Microtubule stabilization reduces scarring and causes axon regeneration after spinal cord injury

Farida Hellal, Andres Hurtado, Jörg Ruschel, Kevin C. Flynn, Claudia J. Laskowski, Martina Umlauf, Lukas C. Kapitein, Dinara Strikis, Vance Lemmon, John Bixby, Casper C. Hoogenraad, Frank Bradke

Research output: Contribution to journalArticle

344 Scopus citations

Abstract

Hypertrophic scarring and poor intrinsic axon growth capacity constitute major obstacles for spinal cord repair. These processes are tightly regulated by microtubule dynamics. Here, moderate microtubule stabilization decreased scar formation after spinal cord injury in rodents through various cellular mechanisms, including dampening of transforming growth factor-β signaling. It prevented accumulation of chondroitin sulfate proteoglycans and rendered the lesion site permissive for axon regeneration of growth-competent sensory neurons. Microtubule stabilization also promoted growth of central nervous system axons of the Raphe-spinal tract and led to functional improvement. Thus, microtubule stabilization reduces fibrotic scarring and enhances the capacity of axons to grow.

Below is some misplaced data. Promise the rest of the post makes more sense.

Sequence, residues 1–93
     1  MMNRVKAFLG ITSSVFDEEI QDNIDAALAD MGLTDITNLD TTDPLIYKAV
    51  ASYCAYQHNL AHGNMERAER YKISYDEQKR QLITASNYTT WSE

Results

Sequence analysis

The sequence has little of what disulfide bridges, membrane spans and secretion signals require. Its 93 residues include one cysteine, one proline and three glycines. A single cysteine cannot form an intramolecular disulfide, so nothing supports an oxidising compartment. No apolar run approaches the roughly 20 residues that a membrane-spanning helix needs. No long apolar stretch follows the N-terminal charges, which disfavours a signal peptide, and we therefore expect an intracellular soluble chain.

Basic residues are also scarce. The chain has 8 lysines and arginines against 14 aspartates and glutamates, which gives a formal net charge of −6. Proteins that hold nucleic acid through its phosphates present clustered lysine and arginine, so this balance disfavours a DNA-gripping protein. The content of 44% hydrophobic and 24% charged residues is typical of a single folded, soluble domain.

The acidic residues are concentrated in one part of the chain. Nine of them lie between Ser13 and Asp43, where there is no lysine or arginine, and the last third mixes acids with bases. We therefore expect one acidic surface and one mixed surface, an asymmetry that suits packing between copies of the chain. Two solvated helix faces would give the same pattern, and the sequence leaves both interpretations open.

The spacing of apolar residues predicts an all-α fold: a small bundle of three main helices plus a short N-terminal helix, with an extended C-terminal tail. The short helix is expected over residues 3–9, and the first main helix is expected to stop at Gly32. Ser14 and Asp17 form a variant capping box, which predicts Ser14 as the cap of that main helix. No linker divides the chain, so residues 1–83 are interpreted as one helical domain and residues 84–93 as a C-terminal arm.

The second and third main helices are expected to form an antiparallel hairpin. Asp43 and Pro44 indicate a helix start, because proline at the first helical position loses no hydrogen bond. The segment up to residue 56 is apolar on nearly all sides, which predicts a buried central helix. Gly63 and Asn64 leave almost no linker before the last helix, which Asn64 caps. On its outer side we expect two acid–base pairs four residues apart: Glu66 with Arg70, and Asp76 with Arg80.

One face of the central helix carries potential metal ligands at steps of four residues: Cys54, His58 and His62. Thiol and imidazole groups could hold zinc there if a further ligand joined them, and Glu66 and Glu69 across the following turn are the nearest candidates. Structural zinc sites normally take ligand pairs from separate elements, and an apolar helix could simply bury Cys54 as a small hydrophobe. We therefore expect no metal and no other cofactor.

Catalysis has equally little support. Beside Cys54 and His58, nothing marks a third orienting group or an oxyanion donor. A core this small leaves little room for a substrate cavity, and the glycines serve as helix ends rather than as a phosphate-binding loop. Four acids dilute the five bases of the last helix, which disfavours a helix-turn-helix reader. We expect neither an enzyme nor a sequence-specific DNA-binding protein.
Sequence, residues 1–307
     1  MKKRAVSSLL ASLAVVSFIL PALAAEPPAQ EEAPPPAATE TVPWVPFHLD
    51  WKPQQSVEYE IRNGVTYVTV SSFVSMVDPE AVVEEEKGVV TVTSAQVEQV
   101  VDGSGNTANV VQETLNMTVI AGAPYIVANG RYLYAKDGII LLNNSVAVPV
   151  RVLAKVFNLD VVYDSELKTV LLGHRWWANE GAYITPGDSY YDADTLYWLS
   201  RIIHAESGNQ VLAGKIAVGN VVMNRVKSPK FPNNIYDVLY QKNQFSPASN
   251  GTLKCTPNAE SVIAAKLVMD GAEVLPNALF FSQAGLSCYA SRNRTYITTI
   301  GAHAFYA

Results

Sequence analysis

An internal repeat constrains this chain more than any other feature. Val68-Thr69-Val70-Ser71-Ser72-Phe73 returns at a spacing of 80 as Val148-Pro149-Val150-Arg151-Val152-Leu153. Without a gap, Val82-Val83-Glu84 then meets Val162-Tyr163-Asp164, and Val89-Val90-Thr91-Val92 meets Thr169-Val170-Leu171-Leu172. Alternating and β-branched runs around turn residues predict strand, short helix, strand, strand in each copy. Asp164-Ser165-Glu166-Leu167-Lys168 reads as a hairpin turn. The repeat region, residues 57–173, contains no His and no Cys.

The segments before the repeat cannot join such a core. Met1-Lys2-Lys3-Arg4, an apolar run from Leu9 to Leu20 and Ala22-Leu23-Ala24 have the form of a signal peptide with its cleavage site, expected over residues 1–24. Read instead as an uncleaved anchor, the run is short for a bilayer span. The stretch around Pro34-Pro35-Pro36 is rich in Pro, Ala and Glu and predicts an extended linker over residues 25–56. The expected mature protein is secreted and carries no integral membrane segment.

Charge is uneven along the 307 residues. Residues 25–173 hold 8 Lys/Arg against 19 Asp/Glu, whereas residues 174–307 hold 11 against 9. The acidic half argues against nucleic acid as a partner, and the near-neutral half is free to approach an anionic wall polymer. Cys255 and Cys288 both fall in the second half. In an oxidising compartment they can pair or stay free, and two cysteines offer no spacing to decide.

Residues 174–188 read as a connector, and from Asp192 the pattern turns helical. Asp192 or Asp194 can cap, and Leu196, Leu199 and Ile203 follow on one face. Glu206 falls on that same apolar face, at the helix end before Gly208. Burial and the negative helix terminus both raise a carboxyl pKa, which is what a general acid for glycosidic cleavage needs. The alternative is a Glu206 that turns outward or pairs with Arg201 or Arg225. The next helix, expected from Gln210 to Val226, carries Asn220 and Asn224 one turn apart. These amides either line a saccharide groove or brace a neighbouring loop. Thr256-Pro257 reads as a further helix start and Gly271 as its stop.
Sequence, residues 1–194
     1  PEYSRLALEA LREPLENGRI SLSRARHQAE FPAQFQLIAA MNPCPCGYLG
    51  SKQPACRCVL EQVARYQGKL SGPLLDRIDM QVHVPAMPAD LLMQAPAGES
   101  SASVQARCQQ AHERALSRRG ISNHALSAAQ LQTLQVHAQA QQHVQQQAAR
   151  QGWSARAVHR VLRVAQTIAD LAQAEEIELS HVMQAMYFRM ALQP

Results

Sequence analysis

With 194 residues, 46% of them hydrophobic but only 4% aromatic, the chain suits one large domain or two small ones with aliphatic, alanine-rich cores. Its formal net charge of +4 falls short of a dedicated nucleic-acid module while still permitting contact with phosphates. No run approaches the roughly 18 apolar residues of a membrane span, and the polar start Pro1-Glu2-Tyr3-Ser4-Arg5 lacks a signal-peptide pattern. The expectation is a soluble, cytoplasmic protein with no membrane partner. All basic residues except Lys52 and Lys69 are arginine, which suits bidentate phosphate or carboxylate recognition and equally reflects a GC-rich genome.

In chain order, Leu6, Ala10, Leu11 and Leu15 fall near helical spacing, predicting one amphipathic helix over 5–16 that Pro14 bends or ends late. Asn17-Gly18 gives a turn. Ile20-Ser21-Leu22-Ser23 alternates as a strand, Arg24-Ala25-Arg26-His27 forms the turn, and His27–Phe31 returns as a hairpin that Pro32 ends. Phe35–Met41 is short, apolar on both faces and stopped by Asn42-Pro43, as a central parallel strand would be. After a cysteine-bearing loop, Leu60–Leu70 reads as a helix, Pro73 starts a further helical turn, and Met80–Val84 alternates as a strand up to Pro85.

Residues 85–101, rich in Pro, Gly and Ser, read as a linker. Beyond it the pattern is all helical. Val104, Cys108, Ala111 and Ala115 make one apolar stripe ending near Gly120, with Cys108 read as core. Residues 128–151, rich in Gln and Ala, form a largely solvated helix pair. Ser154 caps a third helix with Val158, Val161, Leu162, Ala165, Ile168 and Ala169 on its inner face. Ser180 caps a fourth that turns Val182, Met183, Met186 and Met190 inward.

Original languageEnglish (US)
Pages (from-to)928-931
Number of pages4
JournalScience
Volume331
Issue number6019
DOIs
StatePublished - Feb 18 2011

ASJC Scopus subject areas

  • General

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    Hellal, F., Hurtado, A., Ruschel, J., Flynn, K. C., Laskowski, C. J., Umlauf, M., Kapitein, L. C., Strikis, D., Lemmon, V., Bixby, J., Hoogenraad, C. C., & Bradke, F. (2011). Microtubule stabilization reduces scarring and causes axon regeneration after spinal cord injury. Science, 331(6019), 928-931. https://doi.org/10.1126/science.1201148